Oncotype DX. This test examines breast tissue embedded in paraffin (after biopsy or operation, the resected breast tissue is embedded in paraffin to facilitate histological examination, and to preserve the tissue for long period of time). Oncotype DX tests the RNA levels of 21 genes. 16 of these 21 genes are related to cancer, while the other five are reference genes tested to calibrate the results. The test was primarily designed to predict the likelihood of breast cancer recurrence for women with node-negative, estrogen-receptor-positive (stage I) invasive breast cancer treated after operation with Tamoxifen only (11, 12). Oncotype DX assay gives a number for each test called "Recurrence Score". The likelihood of distant recurrence at 10 years increases continuously with an increase in the Oncotype DX assay Recurrence Score® result (11, 12), Oncotype DX assay was able to stratify these patients into three main groups: Low risk for recurrence, Intermediate risk, and High risk. Women with low recurrence score are usually treated with hormonal therapy only (no chemotherapy is given after breast operation); women with high recurrence score are usually treated with both chemotherapy and hormonal therapy; intermediate group treatment is usually individualized. Another study showed that Oncotype DX Recurrence Score in women with stage I, node negative, estrogen receptor positive breast cancer tumors, can predict which women will benefit from chemotherapy. Women with high recurrence score (score ≥31) had a large benefit from chemotherapy. Patients with low recurrence score (< 18) derived minimal, if any, benefit from chemotherapy treatment, recurrence score of 18-31 is a gray zone (13). Recent results show that Oncotype DX test can predict response to chemotherapy in women with breast cancer and 0-3 positive axillary lymph nodes (14). 

Mammaprint. Mammaprint test the expression of RNA of a set of 70 genes related to breast cancer by microarrays method (15, 16). The test utilizes fresh frozen breast cancer tissue. The test (approved by the FDA) is useful in predicting time to distant metastasis in women who are under age 61 who have tumor size equal to or less than five centimeters and no evidence that the cancer has spread to lymph nodes (lymph node negative) (15-17).

Recently a study that compared different prediction tests based on molecular characteristics found that there is high concordance between Mammaprint and Oncotype DX (18).


Breast cancer usually sends metastasis first to regional lymph nodes. Lymph nodes of the axilla (underarm) are usually the first to be affected; other regional lymph nodes affected by breast metastasis are the supraclavicular lymph nodes, infraclavicular lymph nodes, and internal mammary lymph nodes. Distant lymph nodes may be involved but it's rare to find distant lymph node metastasis without regional lymph node involvement. Breast cancer may send metastasis to every organ, but the most involved tissues are the bones, lungs, liver and brain.  


Lobular Carcinoma in situ (LCIS). LCIS is a premalignant state, women with LCIS are at higher (and equal) risk to develop breast cancer in both breasts (19) and thus local treatment (partial resection of the breast or resection of one breast) are not advised. Women with LCIS should be followed closely to allow the detection of any breast malignancy at an early stage. Preventive treatments include bilateral mastectomy (resection of both breasts) with or without breast reconstruction, or hormonal therapy with tamoxifen (20, 21).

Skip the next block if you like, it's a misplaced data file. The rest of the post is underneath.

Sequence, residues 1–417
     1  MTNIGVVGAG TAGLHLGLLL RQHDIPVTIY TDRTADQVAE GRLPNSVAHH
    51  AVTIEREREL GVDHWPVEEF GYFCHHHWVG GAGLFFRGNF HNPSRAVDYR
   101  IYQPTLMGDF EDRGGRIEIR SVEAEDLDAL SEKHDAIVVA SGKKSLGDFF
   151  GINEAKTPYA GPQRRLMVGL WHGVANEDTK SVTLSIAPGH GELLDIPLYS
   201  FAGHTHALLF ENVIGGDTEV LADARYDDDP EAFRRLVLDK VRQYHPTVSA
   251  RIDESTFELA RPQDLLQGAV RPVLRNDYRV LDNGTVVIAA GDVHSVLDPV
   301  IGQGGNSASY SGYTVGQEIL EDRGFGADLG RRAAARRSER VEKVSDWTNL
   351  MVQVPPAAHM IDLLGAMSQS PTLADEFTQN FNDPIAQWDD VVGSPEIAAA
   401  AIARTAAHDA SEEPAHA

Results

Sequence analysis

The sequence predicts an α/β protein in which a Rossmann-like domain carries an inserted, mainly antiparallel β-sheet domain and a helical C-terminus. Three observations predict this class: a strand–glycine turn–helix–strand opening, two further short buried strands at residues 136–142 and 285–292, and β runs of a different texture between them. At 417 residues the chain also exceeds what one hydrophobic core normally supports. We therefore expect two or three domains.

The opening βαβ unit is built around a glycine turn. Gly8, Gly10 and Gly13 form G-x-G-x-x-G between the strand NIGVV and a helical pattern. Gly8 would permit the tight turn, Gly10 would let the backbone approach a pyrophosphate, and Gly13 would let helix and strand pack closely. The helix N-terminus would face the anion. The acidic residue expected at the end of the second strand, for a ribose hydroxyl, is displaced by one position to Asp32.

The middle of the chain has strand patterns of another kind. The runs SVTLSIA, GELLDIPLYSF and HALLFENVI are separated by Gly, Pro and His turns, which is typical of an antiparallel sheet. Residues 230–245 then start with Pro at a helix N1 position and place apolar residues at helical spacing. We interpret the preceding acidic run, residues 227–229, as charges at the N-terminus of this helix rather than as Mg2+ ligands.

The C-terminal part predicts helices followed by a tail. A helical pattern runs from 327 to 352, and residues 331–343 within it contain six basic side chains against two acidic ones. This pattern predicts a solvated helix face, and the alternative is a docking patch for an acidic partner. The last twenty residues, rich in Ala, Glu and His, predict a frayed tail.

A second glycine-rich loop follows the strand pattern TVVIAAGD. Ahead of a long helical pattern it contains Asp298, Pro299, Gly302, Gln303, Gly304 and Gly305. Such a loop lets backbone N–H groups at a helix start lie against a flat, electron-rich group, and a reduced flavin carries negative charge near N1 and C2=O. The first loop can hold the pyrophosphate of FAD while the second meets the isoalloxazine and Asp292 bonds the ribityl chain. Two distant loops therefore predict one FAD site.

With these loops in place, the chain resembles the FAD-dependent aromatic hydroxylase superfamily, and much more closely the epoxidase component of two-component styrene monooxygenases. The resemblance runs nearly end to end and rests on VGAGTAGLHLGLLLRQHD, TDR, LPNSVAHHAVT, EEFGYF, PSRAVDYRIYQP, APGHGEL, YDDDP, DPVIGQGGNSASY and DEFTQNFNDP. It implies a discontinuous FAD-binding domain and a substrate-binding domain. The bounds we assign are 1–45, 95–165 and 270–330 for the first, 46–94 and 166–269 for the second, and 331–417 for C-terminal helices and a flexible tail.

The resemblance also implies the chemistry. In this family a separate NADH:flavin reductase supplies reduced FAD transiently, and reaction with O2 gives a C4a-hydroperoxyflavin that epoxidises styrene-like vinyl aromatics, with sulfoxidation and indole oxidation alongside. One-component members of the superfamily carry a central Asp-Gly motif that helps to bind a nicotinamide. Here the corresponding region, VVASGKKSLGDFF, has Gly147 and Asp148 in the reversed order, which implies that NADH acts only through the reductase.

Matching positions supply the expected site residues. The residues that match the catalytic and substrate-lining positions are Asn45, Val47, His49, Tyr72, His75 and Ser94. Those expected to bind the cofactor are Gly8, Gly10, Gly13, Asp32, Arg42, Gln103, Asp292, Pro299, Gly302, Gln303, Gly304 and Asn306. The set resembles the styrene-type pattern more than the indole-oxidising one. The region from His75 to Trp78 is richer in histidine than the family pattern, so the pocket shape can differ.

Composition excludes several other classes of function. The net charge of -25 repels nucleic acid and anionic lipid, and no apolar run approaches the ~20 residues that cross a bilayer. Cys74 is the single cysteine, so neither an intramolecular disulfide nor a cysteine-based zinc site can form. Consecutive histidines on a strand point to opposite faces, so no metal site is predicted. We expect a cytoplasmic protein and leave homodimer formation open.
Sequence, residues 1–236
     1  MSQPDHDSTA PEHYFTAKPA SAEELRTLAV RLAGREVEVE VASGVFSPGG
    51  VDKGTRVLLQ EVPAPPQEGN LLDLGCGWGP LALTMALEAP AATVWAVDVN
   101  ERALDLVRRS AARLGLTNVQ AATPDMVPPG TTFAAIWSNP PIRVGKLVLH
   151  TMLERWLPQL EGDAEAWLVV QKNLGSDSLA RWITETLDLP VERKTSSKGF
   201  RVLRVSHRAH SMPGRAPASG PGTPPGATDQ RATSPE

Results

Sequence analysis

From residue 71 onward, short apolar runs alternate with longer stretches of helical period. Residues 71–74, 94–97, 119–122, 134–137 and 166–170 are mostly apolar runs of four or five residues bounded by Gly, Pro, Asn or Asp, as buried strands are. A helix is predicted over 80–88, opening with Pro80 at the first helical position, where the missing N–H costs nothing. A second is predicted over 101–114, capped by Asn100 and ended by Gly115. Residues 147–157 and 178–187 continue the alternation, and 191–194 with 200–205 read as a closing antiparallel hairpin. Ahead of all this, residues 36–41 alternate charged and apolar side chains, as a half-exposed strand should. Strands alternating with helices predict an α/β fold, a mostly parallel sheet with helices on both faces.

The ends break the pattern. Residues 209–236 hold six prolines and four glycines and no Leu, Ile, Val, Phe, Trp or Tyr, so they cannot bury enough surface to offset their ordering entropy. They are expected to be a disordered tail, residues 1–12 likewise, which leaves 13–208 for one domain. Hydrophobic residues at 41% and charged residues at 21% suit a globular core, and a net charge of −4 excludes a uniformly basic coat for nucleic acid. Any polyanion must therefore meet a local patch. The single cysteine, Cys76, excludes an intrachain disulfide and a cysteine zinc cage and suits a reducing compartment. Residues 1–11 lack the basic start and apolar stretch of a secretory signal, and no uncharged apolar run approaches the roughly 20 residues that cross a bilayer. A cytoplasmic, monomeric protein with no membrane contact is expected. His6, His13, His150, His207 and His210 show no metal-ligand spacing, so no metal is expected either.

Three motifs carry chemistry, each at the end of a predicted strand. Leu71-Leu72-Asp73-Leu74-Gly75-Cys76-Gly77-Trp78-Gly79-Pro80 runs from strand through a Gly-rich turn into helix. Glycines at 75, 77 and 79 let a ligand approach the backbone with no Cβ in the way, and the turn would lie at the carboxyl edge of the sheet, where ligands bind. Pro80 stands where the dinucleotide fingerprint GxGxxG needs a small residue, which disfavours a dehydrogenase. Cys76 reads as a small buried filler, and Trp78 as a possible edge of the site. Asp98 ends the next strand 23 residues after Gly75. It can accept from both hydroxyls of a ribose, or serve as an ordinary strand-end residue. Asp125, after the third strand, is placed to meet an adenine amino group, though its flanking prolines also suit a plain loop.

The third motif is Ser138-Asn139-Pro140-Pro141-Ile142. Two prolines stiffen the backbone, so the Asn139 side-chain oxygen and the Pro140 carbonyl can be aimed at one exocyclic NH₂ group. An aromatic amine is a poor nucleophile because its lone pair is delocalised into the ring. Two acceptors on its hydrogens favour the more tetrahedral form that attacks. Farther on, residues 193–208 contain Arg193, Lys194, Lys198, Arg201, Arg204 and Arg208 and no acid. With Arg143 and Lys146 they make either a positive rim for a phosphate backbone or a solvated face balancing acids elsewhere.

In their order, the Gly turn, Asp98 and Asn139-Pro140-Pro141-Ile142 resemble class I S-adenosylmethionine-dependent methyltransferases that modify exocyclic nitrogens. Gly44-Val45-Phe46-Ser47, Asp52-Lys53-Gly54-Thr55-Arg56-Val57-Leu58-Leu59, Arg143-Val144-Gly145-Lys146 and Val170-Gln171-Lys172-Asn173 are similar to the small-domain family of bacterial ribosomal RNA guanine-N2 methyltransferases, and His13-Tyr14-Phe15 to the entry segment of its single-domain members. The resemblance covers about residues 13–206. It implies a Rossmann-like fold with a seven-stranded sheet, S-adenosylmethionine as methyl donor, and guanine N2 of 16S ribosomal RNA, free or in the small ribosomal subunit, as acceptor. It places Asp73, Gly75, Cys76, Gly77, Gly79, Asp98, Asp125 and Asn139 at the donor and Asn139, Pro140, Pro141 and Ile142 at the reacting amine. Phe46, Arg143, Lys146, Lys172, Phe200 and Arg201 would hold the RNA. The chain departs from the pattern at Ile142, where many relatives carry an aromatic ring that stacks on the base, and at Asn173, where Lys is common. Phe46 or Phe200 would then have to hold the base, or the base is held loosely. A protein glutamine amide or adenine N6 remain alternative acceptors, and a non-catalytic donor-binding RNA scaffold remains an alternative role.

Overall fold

Ductal Carcinoma in situ (DCIS). Surgery is an important arm in the treatment of DCIS. For women suffering from DCIS, with disease limited to a part of the breast (according to preoperative assessment e.g. mammography), partial breast resection (lumpectomy) or total breast resection (mastectomy) should be performed. If DCIS lesions are scattered in different areas of the breast, lumpectomy may turn to be impossible, and total breast removal should be performed (mastectomy). If the resection margins after lumpectomy contain DCIS, re-lumpectomy or mastectomy should be performed. After lumpectomy, radiation therapy should be delivered to the breast remnant tissue, and this measure decreases the possibility of recurrence by 50% (22, 23). Axillary lymph node dissection is not necessary in women with pure DCIS. For patients with a DCIS that stains positive for estrogen receptor or progesterone receptor, treatment with tamoxifen for 5 years is recommended as a preventive treatment after operation.

Invasive Cancer. Treatment of invasive breast cancer relies on three different arms:

1) Surgery. Surgery is used for localized breast cancer (non metastatic disease localized to the breast ± underarm (axillary) lymph nodes). Resection of breast cancer is the most important part in the treatment of localized disease. For small tumors, partial breast resection (lumpectomy) can be satisfactory when complemented by radiation therapy (24, 25). For large breast tumors, or tumors involving the breast skin or nipple, resection of the whole breast may be inevitable. In selected cases, women with large breast tumor (without skin involvement) who desire breast preservation may benefit from neo-adjuvant chemotherapy, administered before the operation to shrink the tumor size, allowing partial breast resection with good cosmetic results (26, 27).